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Facts About Georgia History: 7 Things You Might Not Know

Facts About Georgia History: 7 Things You Might Not Know
Skyline showing one of the several sports complexes being used during the 1996 Summer Olympic Games at Atlanta, Georgia. (wikimedia/commons)

By    |   Thursday, 05 March 2015 03:13 PM

From laws on eating chicken to Civil War history, here are seven things you might not know about Georgia.

1. In Gainesville, known as the Chicken Capital of the World, it is illegal to eat chicken with a fork. The ordinance was passed in 1961 and there’s even a statue in the middle of the town with a chicken watching over passers-by. In 2009, a 91-year-old woman who was visiting Gainesville was "arrested" by a sheriff for not properly eating the chicken — an incident that was later revealed as a prank orchestrated by her friend.

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2. In more recent history, Georgia hosted the 1996 Summer Olympic Games. The Centennial Games in Atlanta cost $1.8 billion to stage. That year, U.S. teams took home the most medals from the games with 101, 44 of them being gold.

3. Coca-Cola was invented in Georgia by Dr. John S. Pemberton in 1886. Thinking the two C’s would go well with advertising, the name "Coca-Cola" was suggested by Pemberton's bookkeeper, Frank Robinson. The name stuck and Coca-Cola was first sold in Jacob's Pharmacy in Atlanta as a fountain drink. It is still one of America’s most popular sodas.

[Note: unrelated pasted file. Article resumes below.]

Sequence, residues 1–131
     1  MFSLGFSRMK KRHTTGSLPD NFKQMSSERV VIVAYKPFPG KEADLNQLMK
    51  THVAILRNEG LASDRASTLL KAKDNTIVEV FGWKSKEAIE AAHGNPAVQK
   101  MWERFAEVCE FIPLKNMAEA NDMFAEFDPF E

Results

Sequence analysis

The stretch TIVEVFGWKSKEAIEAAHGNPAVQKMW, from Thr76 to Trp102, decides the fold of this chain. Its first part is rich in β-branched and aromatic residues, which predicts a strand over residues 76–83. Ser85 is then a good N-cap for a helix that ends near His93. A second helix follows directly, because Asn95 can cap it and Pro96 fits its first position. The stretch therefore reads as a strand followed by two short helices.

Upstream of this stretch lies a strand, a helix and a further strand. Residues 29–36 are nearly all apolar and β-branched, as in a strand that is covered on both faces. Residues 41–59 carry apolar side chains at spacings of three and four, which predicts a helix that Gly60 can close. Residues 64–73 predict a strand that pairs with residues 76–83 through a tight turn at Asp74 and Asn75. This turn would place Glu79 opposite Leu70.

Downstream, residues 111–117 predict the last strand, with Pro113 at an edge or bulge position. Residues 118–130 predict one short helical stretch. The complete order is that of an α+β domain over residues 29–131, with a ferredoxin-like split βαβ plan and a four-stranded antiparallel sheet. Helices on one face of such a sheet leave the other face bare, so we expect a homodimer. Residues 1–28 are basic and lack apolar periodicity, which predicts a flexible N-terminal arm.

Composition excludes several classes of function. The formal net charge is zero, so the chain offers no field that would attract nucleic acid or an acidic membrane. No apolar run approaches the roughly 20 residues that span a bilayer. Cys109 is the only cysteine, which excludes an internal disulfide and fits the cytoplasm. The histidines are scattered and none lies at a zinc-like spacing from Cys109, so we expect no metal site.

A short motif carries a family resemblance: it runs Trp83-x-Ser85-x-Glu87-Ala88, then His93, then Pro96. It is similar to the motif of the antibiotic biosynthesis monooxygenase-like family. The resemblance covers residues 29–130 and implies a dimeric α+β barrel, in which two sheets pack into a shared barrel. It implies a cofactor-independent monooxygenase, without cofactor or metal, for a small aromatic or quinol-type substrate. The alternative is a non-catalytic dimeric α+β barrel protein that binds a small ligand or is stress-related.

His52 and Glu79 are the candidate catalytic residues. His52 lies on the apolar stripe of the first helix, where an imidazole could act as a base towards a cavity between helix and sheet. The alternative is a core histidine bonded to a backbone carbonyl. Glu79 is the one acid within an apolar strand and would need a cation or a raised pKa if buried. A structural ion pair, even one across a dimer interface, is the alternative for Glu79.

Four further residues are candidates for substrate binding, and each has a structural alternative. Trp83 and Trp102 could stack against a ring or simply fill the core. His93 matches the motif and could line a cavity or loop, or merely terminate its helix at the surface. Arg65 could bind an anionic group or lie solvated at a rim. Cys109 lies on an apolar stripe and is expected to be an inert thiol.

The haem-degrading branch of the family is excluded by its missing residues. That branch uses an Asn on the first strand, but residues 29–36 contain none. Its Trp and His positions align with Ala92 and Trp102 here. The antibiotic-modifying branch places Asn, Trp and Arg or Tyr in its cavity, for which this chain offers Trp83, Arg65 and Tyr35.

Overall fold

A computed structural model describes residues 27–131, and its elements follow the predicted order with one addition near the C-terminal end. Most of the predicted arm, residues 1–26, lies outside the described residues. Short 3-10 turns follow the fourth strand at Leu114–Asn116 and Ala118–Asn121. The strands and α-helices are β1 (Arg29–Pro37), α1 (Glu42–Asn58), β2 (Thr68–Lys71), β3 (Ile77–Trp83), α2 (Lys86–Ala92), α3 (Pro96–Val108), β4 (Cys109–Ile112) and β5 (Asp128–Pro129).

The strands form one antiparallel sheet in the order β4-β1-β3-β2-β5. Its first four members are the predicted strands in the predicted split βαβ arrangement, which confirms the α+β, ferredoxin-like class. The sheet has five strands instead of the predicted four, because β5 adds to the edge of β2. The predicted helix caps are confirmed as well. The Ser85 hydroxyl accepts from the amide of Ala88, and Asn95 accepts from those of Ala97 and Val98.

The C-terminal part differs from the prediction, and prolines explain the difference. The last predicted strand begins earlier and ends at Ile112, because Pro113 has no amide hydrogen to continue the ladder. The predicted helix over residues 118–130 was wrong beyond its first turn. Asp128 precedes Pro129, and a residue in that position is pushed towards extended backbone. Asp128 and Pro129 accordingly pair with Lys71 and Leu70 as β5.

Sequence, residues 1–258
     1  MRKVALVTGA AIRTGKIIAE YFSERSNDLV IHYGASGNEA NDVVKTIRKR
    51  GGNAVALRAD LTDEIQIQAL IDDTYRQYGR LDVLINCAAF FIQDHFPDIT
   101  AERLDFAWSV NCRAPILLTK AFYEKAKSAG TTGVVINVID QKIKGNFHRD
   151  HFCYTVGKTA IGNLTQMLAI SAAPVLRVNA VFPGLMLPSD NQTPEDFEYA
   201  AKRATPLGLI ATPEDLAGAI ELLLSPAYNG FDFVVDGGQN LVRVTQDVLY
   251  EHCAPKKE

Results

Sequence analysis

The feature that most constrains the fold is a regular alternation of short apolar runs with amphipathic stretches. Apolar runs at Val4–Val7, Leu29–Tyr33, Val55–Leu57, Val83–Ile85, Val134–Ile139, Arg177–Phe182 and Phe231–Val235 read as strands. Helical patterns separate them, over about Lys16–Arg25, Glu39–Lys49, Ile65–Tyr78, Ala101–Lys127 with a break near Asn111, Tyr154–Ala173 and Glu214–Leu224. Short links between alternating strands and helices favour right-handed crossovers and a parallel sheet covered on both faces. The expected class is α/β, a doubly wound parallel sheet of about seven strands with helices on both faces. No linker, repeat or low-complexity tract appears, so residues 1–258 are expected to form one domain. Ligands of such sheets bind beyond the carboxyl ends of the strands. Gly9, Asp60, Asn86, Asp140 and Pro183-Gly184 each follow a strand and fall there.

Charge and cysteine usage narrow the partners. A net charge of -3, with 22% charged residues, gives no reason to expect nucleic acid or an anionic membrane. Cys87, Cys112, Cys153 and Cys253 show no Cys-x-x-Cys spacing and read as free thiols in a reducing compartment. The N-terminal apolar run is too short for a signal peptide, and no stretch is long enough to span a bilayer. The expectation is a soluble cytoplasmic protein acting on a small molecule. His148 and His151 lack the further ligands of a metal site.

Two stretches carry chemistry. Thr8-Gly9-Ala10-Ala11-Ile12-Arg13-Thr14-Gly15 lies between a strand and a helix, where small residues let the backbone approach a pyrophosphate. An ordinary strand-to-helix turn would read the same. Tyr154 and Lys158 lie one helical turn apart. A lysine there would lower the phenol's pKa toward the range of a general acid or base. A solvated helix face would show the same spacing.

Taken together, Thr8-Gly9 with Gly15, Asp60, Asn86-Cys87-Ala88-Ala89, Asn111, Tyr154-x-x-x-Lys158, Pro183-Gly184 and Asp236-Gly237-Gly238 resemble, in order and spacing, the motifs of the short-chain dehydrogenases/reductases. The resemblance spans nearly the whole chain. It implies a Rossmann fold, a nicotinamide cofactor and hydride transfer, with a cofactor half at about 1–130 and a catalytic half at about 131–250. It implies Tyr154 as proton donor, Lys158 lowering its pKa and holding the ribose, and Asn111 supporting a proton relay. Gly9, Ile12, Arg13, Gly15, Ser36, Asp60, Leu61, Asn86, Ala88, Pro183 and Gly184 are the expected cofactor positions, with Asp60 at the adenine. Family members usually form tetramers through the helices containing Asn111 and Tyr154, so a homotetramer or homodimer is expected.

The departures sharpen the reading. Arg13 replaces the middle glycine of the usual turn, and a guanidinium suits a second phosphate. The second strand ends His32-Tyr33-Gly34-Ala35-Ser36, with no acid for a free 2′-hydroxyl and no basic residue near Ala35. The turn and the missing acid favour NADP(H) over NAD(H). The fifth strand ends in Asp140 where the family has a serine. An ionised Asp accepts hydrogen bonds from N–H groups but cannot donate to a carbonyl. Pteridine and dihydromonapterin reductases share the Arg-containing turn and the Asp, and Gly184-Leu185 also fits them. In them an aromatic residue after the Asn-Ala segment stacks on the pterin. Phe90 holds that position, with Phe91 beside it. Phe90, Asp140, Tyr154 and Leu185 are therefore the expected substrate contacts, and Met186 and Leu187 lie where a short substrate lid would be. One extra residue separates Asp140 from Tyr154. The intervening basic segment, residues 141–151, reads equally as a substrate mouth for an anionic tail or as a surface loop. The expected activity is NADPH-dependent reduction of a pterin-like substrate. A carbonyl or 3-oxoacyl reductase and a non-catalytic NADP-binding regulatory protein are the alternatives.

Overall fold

4. Jimmy Carter, the 39th President of the United States, grew up in Plains, Georgia. Carter founded the Jimmy Carter NHS Education Program for school groups to visit his historic sites, which include the Plains High School Museum, the 1976 Presidential Campaign Headquarters-Depot, and Jimmy Carter Boyhood Farm.

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5. Berry College in Rome, Georgia, was founded in 1902. The school has the world's largest college campus. With more than 27,000 acres of woodlands, meadows, and streams, Berry  has stunning views and visitors are even likely to see deer wandering the grounds. The school has also been the filming site of popular movies such as "Sweet Home Alabama" and “Remember The Titans.”

6. The second bloodiest battle in American history occurred at Chickamauga National Park in Fort Oglethorpe, Georgia. During the Civil War, in September 1863, Union and Confederate forces fought for control of nearby Chattanooga, Tennessee, known as the "Gateway to the Deep South." The Confederates won the two-day battle, which resulted in about 3,970 lives lost on both sides. Chickamauga is also the first National Military Park.

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From laws on eating chicken to Civil War history, here are seven things you might not know about Georgia.
facts, about, georgia, history
Thursday, 05 March 2015 03:13 PM
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